A prolonged and substantial contraction of the spread between long-term and short-term interest rates, such as we've seen over the past three years, will generally LEAD to a less-liquid financial environment. However, the yield-spread contraction itself is typically a response to INCREASING liquidity because it stems, in large part, from the eagerness of speculators to 'borrow short' in order to either 'lend long'…
My understanding here is that the inverted yield curve that had a perfect track record in predicting recessions WAS a warning sign of shrinking liquidity. However, in today’s world of yen carry trade and global reflation, it is more of a sign of excessive liquidity. [The latest number from NowandFutures shows reconstructed M3 growing at over 12%; M3 in the Euro area is growing at 9.7%; all the while the BoJ caved into political pressure by standing pat on their 0.25% lending rate in the most recent meeting.]
The major indices did well this week, making it a positive January. The transports made a new. The Nasdaq which has been the weakest of major indices managed to pull itself up by the bootstraps. It was up six sessions in a row since last Thursday. Coupled with the upbeat Q4 GDP number and a Fed content with the short term rate at 5.25%, it’s goldilocks all over again.
After all this, in my heart of hearts, I still can’t shake off my bearish bias. Don’t get me wrong, I’m fully long with a tiny number of covered call positions, but my moments of introspection tell me time is ripe for a capitulation of the bears. The 8.6 year cycle tops out in at the end of this month. The housing inventory situation for next spring is another big unknown.
What to do
Let me say again that I don’t have the answers. I can only talk about which way I’m leaning for my own account. One thing last September taught me was not to short early, as least not short big. I’m also constantly reminded of one of Gartman’s trading rules: “think like a fundamentalist, trade like a technician”. I don’t see myself initiating short positions until there is a clear breaking of near term support/trend line. I will do it with more conviction if there are signs of the yen carry trade unwinding or yield curve normalizing as Saville suggested (i.e., the 10 yr breaking down). Precious metals and PM stocks will do well in a dollar crisis, although the probability of that is remote. I can’t predict how PMs will react in other scenarios, but then again they are the least of my worries.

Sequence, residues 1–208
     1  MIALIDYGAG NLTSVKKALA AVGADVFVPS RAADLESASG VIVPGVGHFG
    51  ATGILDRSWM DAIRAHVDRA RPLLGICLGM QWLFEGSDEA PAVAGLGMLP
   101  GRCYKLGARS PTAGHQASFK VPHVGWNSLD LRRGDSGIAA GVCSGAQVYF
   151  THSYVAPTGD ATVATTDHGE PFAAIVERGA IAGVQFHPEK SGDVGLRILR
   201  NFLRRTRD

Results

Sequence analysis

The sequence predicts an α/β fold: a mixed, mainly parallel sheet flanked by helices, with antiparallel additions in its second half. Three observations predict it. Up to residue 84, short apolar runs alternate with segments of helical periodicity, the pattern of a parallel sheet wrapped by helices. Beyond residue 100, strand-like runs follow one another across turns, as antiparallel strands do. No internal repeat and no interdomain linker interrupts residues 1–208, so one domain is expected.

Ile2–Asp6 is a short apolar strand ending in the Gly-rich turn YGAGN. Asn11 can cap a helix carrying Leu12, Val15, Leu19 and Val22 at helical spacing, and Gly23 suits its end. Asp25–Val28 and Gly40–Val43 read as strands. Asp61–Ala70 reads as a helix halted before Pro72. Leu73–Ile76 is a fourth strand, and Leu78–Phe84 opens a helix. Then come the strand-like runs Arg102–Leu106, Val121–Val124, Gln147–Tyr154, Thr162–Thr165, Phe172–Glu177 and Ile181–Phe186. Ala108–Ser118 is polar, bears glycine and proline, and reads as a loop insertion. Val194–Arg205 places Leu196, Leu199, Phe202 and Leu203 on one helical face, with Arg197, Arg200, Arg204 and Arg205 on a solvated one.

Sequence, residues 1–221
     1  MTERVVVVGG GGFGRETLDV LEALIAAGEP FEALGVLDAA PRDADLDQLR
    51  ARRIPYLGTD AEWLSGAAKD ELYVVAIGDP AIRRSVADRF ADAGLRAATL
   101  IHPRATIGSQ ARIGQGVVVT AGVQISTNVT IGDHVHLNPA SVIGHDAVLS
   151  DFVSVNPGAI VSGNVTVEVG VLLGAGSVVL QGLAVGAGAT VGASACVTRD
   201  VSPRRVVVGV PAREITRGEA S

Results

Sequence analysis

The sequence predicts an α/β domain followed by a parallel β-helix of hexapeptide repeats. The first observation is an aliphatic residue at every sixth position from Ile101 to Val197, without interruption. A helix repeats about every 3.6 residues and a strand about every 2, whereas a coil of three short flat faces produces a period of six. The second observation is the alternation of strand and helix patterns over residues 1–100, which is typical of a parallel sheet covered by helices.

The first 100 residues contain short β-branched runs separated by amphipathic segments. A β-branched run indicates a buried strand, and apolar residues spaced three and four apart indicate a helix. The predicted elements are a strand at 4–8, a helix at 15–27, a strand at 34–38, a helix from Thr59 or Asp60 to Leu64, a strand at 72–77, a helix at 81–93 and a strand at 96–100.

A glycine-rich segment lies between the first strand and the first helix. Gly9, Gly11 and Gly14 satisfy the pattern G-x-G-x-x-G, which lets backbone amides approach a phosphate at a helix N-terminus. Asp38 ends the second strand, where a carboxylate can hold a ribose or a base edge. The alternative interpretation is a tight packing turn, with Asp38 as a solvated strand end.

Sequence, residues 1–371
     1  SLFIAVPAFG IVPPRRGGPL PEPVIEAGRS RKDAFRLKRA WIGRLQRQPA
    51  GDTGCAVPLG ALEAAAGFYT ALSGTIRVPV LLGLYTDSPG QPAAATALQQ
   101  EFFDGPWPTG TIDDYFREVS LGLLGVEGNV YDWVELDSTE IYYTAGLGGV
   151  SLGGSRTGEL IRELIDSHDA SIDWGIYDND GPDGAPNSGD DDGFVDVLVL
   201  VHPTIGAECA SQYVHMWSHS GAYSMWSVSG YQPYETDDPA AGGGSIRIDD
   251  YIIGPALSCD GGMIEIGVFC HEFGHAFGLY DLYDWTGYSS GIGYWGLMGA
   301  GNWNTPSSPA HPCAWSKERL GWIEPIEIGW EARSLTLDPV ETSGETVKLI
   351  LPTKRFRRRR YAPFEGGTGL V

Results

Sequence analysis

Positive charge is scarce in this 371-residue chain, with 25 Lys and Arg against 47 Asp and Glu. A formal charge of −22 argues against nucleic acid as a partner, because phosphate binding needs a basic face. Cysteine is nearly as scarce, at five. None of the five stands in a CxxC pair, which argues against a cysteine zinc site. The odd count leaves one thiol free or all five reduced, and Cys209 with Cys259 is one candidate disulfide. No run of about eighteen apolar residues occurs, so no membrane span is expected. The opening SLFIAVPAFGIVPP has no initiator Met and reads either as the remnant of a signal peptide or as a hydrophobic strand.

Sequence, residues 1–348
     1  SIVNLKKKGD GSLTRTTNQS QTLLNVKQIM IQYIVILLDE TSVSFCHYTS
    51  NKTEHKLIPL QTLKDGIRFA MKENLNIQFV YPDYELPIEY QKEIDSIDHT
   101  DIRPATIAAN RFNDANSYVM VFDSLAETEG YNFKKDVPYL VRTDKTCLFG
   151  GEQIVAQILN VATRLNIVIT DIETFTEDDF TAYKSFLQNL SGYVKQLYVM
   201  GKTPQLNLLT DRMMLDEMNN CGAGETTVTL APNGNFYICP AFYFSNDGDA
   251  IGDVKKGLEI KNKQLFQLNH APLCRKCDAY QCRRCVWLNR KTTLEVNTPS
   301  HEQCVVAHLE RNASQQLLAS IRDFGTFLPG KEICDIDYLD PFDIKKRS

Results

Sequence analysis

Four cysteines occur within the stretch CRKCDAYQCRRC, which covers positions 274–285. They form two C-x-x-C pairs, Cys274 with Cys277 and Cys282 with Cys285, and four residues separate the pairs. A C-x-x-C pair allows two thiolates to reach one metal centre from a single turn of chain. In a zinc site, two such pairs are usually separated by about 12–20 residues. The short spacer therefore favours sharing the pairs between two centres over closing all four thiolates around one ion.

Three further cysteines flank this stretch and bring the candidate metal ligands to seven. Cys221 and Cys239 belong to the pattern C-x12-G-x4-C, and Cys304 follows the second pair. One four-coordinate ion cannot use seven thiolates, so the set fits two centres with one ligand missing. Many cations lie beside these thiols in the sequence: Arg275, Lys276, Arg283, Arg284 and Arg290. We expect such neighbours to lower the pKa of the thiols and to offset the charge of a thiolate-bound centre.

The last thing I want to mention is Sam Zell’s musical Christmas card which has been circulating around the net. You know, the one that starts with “Capital is falling on my head” to the tune of “Rain drops falling on my head”. One of its themes is the need for capital to chase after yields as the western world ages. It makes a lot of sense to me and I’ve been picking up CanRoys (oil bottoming didn’t hurt either), tankers, as well as some high yielding close-ended funds.
In conclusion, the market is in fine technical shape and I’m poised to take advantage of rallies as I sense a possible bear capitulation. However, I remain wary of the housing situation and the impact of possible high inventory levels in the spring.
Best of luck and be safe!